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Research Methods in Psychology(chapter2).docx

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Joe Kim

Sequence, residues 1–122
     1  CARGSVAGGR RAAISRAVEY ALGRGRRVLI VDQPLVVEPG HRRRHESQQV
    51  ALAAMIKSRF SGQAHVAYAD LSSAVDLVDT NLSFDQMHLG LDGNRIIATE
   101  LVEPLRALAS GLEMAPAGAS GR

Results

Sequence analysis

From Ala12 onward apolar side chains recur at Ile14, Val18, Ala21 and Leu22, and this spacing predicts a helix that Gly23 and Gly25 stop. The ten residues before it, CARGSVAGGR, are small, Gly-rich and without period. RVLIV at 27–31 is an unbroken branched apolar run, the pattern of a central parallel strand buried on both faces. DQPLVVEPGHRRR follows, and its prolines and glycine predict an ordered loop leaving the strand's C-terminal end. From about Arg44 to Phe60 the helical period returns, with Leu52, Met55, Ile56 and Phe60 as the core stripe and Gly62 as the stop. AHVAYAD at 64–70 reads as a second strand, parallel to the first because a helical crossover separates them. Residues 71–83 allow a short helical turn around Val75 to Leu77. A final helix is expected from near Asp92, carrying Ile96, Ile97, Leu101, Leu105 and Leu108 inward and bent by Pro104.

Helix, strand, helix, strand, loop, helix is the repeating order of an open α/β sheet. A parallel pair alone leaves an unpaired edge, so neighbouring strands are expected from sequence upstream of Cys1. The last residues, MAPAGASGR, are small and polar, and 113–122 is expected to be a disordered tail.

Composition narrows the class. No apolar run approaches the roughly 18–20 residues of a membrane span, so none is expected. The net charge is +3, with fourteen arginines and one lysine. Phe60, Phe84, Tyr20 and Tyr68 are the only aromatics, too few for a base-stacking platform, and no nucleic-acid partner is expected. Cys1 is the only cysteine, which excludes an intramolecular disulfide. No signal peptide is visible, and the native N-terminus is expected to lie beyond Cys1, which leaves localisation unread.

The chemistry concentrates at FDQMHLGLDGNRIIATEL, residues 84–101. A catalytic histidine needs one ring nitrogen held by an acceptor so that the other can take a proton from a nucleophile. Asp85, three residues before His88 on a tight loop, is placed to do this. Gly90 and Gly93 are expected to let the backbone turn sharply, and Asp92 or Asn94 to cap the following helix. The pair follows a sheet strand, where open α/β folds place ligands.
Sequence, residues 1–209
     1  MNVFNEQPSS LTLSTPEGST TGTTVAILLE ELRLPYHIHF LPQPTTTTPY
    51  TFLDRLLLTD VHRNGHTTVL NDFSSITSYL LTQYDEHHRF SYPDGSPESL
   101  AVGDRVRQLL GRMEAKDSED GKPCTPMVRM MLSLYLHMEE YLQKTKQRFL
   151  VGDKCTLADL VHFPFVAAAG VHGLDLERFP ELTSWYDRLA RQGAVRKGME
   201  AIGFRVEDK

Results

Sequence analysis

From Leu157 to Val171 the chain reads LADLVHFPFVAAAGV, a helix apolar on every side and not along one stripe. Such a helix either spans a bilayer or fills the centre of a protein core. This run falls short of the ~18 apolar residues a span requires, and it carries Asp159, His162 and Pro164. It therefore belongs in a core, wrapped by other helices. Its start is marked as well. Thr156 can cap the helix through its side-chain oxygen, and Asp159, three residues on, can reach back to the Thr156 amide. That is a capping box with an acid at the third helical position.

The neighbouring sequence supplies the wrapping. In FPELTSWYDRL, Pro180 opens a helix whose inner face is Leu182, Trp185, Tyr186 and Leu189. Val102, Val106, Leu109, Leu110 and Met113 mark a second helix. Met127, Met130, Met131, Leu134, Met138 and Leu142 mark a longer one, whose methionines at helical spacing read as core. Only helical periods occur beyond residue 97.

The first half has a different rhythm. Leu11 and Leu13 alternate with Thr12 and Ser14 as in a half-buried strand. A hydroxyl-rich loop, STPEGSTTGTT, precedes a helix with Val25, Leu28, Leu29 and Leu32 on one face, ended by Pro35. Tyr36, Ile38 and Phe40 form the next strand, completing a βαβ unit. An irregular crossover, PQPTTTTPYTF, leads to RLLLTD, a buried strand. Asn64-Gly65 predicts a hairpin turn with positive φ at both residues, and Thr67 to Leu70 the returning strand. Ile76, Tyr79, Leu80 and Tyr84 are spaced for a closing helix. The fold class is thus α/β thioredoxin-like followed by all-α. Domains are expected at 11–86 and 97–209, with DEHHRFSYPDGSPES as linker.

Research Methods in Psychology Sept 18, 2012 Introduction -questions about psychological processes are directly relevant to the kinds of thoughts & behaviours you experience daily -psychologists interested in further exploring theses questions using formal methods -set of techniques & concepts known as the scientific method -experience, common sense & reasoning are tools used daily to answer questions & solve problems -"obvious" or common sense" may in some cases be entirely wrong→Ex. ob-ob mouse -formal framework promotes self-correcting nature of scientific venture & prevents missteps in understanding of human behaviour Why we need the Scientific Method: Jaytee the Psychic Dog -operational definition: describes actions/operations made to measure/control variable -variable: characteristic free to take on 2+ diff. values -operational definition of key variable -scientific method, which operational definitions key part of, requires evaluation of claims like Jaytee according to set of rules •designed to minimize chances of being mislead by stories that sound good, but are unsupported by facts Operational Definitions -key element in design of any scientific study 1. operational definitions are essential 2. they're always open to argument -examining operational definitions used by researchers is key step in critically evaluating research Psychology as a Science -scientific method forces us to examine & test claims, otherwise tempted to accept w/o critical thought b/c they're appealing Asking Questions & Multiple Methods of Analysis -before scientists begin collecting data, make choices that determine how research will proceed •choices guided by level of analysis that's applied to problem -level of analysis influences kind of questions asked & answered -problems in psych often thread across many fields •researchers apply multi-level approach, incorporating ideas fr. variety of perspectives *important to consider multiple levels of analysis to get most accurate, well rounded theories -operating in diff. paradigms asking very diff. questions→diff. answers • paradigm shift: dramatic change in our way of thinking 2.1 The Scientific Approach to Psychology -by following standard set of rules when designing studies & collecting data, scientists able to trust other's work & can build on •Ex. Issac Newton: used previous work by others as starting point, needed to trust Basic Rules Central to Scientific Practice: -Parsimony: choosing simplest theory w/ most explanatory power -Natural Order: attributing same effects to same causes -Generalizability: ensuring causes & effects observed in scientific practice applicable in all situations involving same causes -Conservatism: skepticism towards new theories until new evidence undeniable -proper scientific research requires claims & theories based on observable, testable, phenomena, not just reasonable claims, opinions, assumptions 2.2 The Scientific Approach to Psychology II Inductive & Deductive Reasoning in Science -need theory to explain & relate them -inductive reasoning used to move fr. facts to a theory that allows us to describe how observations related -deductive reasoning used to test theory by making specific predictions about situations/ events not observed directly -good theory must be able to encompass all known facts, not just some -theory used to generate prediction , new data doesn't conform, theory modified/abandoned -diff. b/t scientific theory & "idea": scientific theory generates testable predictions The Scientific Method -must carefully consider how to collect & analyze data to produce reliable & meaningful results 1. Construct a theory •general set of ideas about the way the world works 2. Generate hypothesis •testable statement guided by theories that make specific predictions about the relationship b/t variables 3. Choose research method •the way in which the hypothesis will be tested 4. Collect data •taking measurements of the outcomes of the test 5. Analyze data •understand data & discover trends/relationships b/t variables *will decide if hypothesis is plausible or not in this step* 6. Report the findings •publish articles in scholarly journals 7. Revise existing theories •to include new info into our understanding of the world Conducting an Experiment Ex. Eric buys energy drink which claims to enhance memory & test scores Theory: Test performances can be affected by external factors that occur while studying Hypothesis: Students taking energy drink should show improved test performance when compared w/ students not drinking energy drinks Choose research method: between subjects, double blind, experimental design, IV=drink, DV=test score Collect data: had all participants write same test *didn't manipulate independent variable properly* one consumes drink b/f test, one doesn't consume drink b/f test *can't be sure difference in test scores due to drink* Analyze data: used descriptive (mean, stdev, histogram) & inferential (t-test) statistics P=0.44, p>0.05 no conclusive evidence to support hypothesis that energy drinks improve test performance Report findings Revise Theories: since evidence doesn't support hypothesis, must revise/abandon original hypothesis Testing Hypothesis: Reliability & Validity -anecdotal evidence: evidence gathered fr. others/self experience -single experience might not be representative -personal experience might not represent others -can't be sure result is due to energy drinks alone -for test to be considered useful for scientific inquiry, must be both reliable & valid •Reliability: ability of any test to have same output when same input is entered •Construct Validity: ability of test to measure what we intend to measure 2.3 Research Design: Case Studies, Correlations & Experiment Case Studies -detailed examination of one particular individual Correlational Studies -observational studies: studies where scientists observe the effect of variables they're interested in w/o performing any manipulation -simple correlation measure of direction & strength of relationship b/t 2 variables -positive correlation: as value of one variable increases, value of other also increases -negative correlation: increasing values on one variable, decreases value of other -zero correlation: no relationship -correlation coefficient: describes correlation numerically •ranges -1.00 to +1.00 •+1.00=perfect +ve correlation b/t 2 variables •-1.00=perfect -ve correlation b/t 2 variables -sign refers to direction of relationship, not strength -correlation doesn't allow us to tell "cause" & "effect", no matter how strong relationship is -can't have correlation b/t 3+ diff. variables -confounding variable: another factor that can contribute to the results of an experiment *correlation doesn't equal causation* 2.4 Experiments -researcher manipulates 1+ variables & measures changes that occur in 2nd variable -careful observations & measures to control vari